To this end a number of different Physics engines, both 2D and 3D have made their way to JavaScript and many of them port from other languages. Some work has also been done to convert directly from C++ to JavaScript using emscripten (box2d.js) but it applies a different API than box2dweb. However, Box2DWeb doesn’t come with its own documentation, but it somehow shares the same API as the Flash library it was converted from. That means you must go and seek for help using the Box2DFlash documentation.

A drawback is that the platform is not open to plugins or extensions, so you’ll be limited to engine/platform features provided by them, but they do have quite an extensive list of things. The licensing fee is per-year, which is somewhat of a drawback.

Check out Ansca Corona: They have an “Angry Birds” sample called “Ghosts vs. Monsters”, supposedly created in 36 hours. Corona runs on iOS and Android, with dev environments on Windows and MacOS. It is purely a 2D engine, there is no support for 3D. The physics package is Box2D. The dev language is Lua.

An Isometric View Combined with Node.JS

At Rocket, they are working on the Isogenic Game Engine, an HTML5 Isometric engine for the open web. Their game engine supports Canvas-based output and standard HTML element output using a simple flag. You can even mix and match the output on the same page so one viewport can render your game using canvas, and the other renders using HTML. Although this feature makes benchmarking output methods very easy, it also allows you target a wider audience than canvas alone, including older smart phones, low-powered netbooks and the dreaded Internet Explorer (possibly down to version 7).

The only differences in the output modes are that when designing your sprites, you cannot use animated gifs for Canvas or WebGL output so if you want to support all output methods, creating sprite sheets is the best solution because it is easy to use a sprite sheet with CSS, canvas drawImage and WebGL billboards.

The back-end of IGE is JavaScript code. There is no GUI to create a game as in Unity3D, although it is easy to use Tiled to create maps and then use them in IGE. The engine can be used for either client-side single-player games, in which case all code is delivered to the browser, or server-side multiplayer games, in which case the code is also run on the server with node.js.

I have seen people messing around with: multiplayer, box2d physics, collisions, keyboard control, animation, path finding, etc. Getting these things going is actually very easy, because the engine comes with a folder full of example games.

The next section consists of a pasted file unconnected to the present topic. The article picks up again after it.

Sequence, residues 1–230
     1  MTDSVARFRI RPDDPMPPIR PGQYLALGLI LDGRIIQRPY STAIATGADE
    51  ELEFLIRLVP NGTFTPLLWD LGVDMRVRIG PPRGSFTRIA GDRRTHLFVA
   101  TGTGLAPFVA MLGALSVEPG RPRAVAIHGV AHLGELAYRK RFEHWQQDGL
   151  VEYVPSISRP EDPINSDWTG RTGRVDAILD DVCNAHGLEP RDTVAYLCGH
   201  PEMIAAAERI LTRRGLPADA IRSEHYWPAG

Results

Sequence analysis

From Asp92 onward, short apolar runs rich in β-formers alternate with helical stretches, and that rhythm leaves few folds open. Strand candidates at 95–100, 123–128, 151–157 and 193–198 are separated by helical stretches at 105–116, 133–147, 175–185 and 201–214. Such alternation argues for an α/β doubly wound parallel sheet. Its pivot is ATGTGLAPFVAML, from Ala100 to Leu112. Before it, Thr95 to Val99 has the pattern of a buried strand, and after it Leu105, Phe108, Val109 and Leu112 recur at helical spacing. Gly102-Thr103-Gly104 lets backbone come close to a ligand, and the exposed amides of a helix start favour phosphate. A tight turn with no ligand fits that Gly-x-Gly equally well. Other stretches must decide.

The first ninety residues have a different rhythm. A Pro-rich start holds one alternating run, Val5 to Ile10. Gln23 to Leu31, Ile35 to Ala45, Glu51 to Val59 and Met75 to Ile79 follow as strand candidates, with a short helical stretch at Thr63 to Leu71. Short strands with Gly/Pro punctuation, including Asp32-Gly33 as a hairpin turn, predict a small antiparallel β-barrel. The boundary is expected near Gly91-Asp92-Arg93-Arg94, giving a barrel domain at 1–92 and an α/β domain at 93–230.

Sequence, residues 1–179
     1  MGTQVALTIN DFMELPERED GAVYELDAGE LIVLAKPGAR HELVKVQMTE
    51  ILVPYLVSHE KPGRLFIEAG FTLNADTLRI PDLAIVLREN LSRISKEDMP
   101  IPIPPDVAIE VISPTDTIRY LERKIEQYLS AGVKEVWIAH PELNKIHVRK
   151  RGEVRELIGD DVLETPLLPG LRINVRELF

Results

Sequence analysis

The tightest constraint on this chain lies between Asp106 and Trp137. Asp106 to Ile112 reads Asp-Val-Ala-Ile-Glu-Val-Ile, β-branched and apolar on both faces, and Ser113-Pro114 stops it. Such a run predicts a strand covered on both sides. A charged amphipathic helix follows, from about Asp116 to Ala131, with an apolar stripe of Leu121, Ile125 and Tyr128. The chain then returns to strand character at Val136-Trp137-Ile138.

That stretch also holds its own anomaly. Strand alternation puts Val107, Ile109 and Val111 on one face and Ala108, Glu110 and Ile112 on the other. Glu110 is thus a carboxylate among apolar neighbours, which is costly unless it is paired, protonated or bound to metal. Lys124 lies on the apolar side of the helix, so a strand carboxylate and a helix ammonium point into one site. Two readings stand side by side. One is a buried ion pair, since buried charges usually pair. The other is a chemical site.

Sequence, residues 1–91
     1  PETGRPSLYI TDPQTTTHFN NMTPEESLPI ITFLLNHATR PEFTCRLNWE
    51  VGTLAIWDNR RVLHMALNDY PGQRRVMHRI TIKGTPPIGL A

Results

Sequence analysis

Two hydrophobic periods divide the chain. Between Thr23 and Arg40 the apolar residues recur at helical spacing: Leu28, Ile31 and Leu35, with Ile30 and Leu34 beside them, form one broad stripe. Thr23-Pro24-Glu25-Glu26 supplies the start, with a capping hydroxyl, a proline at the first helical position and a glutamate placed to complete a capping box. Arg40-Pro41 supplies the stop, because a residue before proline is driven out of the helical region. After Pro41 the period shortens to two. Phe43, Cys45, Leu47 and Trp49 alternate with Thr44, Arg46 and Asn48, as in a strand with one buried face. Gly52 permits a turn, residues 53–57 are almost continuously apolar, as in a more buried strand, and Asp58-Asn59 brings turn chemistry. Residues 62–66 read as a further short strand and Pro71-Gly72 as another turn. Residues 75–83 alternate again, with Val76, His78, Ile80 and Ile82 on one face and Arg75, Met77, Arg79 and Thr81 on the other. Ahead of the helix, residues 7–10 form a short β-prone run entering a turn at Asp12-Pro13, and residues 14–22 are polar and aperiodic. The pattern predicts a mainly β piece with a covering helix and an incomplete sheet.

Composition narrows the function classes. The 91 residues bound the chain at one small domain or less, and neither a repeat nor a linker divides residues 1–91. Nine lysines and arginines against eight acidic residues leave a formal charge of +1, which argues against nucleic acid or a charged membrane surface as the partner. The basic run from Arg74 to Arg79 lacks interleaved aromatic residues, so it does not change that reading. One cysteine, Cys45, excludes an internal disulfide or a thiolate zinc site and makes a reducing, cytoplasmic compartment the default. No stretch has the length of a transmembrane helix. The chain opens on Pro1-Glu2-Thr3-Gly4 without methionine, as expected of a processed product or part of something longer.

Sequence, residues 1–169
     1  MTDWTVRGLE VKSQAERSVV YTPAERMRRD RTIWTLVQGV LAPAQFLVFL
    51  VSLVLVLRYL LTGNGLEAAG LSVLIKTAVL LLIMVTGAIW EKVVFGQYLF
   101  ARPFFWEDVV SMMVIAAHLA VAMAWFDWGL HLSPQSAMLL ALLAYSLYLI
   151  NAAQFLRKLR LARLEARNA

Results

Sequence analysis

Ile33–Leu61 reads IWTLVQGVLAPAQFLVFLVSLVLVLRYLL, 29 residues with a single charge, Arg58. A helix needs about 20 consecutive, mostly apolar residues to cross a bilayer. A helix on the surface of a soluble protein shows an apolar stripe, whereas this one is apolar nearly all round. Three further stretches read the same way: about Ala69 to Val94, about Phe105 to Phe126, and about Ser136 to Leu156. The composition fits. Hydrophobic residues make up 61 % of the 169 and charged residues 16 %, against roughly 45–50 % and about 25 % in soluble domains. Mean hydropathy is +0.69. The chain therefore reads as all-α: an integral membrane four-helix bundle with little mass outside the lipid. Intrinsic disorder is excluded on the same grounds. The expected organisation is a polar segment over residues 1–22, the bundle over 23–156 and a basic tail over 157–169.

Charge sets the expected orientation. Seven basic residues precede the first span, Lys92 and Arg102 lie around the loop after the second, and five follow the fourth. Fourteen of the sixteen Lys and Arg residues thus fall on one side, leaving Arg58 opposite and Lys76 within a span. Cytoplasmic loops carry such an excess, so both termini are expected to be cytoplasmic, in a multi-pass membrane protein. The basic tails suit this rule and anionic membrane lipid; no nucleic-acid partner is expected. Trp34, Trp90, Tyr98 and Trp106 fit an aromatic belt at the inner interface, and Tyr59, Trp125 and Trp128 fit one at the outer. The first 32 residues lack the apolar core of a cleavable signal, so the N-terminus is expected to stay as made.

As mentioned before, IGE is quite impressive when it comes to its versatile and wide spread usage. If you ever thought about learning a server side language such as Node.JS – try IGE and you get to know two worlds. You can check out more information here: http://www.isogenicengine.com.

Let’s talk KineticJS

KineticJS is an HTML5 Canvas JavaScript framework that enables animations, transitions, node nesting, layering, filtering, caching, event handling for desktop and mobile applications, and much more. Basically almost the same features as LimeJS and has really rich and clear tutorials and examples.

KineticJS works by using multiple canvas elements, one per layer, and stacking them. It excels at making canvas something it doesn’t support as an interactive medium. It has a friendly API (API functions do what they’re called and are largely guessable), and almost everything is done by instantiating methods of the base Kinetic object. “It does fewer things but does them better”. Paths are first-class citizen Shapes, like any other Shape. Having said this, KineticJS is not perfect by any means and there have been a few times when I’ve had to dive into the source code. But the light weight of the library makes it a good option to start developing.

Brief overview to CreateJS, EaselJS and Propulsion

If you want to stick to ActionScript or the Flash way of coding, you have to go with either of those mentioned in the header. They are still maturing but in contrast to LimeJS, solid. You can convert your flash art file (.fla/ swf) into JavaScript file and images folder using createjs tool in CS 6. Thus, this keeps the workflow exactly the same for artists who work on flash and yet allows to build a html5 game. (You’ll find some insights here)

Propulsion: I was impressed with Propulsion – HTML5 Canvas JavaScript Game Development Framework It has a very complete set of functions, including lots of useful sound, math, and physics objects. The API documentation guide is well conceived and easy to grasp. However, Propulsion is lacking a good tutorial, though! The website incorporates a demo that you can download, but it is not quite the same as if you’d have a step-by-step how-to for setting up sprites and the initial game loop.

Propulsion uses a loop to execute game logic. The number of times this loop is run per second is controlled by loop.rate. One iteration of the loop is called a tick. During every tick, all registered objects have some of their methods invoked by Propulsion. These methods, of course, can come from the prototype chain. It is during these method invocations that game logic, drawing, etc. are executed.

Objects can be registered with the loop using the loop.register function. Objects can be removed from the loop using the loop.remove function. The object can be created by any means; there is no required pattern for object creation. Source: From www.propulsionjs.com – January 28, 2012 11:30 AM